It was probably done to increase her length at the waterline, which in turn increases her top speed. This is the same reason you see the huge bulbs at the the bow on modern commercial ships (and some warships) and was the theory behind the reverse transoms seen on many yachts. Marine designers have long come up with tricks to increase LWL for that extra speed.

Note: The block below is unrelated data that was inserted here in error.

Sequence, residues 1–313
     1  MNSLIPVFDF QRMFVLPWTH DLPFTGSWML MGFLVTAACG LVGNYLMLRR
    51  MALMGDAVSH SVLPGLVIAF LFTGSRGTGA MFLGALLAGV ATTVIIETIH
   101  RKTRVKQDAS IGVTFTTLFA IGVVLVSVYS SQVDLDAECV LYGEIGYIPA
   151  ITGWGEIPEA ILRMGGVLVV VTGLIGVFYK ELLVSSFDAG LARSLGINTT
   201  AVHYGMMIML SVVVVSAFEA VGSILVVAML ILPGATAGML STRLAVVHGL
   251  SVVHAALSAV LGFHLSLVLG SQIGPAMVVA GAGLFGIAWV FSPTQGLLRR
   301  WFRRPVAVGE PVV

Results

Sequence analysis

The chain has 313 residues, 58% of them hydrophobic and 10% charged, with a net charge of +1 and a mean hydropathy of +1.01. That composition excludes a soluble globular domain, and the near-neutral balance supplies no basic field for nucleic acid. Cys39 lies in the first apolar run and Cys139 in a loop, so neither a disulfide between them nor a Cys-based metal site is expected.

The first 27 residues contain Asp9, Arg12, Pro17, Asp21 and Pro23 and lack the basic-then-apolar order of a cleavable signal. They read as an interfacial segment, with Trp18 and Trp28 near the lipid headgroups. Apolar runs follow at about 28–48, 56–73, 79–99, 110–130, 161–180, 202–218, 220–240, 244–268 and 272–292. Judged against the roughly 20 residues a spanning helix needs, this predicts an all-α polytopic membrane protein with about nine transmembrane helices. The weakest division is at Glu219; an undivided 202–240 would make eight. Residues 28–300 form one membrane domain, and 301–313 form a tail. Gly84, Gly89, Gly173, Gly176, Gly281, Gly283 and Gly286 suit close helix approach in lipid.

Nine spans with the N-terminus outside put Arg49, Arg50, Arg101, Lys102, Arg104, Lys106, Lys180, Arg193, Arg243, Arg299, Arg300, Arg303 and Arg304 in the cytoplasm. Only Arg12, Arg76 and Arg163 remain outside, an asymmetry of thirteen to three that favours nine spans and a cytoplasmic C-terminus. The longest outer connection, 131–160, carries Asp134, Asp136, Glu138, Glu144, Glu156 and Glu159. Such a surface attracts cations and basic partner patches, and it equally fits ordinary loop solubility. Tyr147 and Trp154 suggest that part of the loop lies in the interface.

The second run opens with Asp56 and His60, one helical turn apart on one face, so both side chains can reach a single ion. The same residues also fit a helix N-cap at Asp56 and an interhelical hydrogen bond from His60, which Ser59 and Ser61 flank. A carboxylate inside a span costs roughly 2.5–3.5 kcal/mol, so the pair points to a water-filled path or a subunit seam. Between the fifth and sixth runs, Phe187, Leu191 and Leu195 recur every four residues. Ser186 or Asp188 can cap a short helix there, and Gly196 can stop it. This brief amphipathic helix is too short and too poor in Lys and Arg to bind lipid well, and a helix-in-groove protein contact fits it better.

I certainly hope something can be done to save the Olympia. I grew up in Philadelphia, and my father was very involved in the group that originally brought the Olympia to the City. This ship is an important piece of history that really ought to be preserved. There is no shortage of old vessels that can become reefs off of Cape May.
Is the Olympia wood framed?
An idea prevalent at the time was that ramming would sometimes come into play. Look at the bow shapes of ancient Greek Triremes.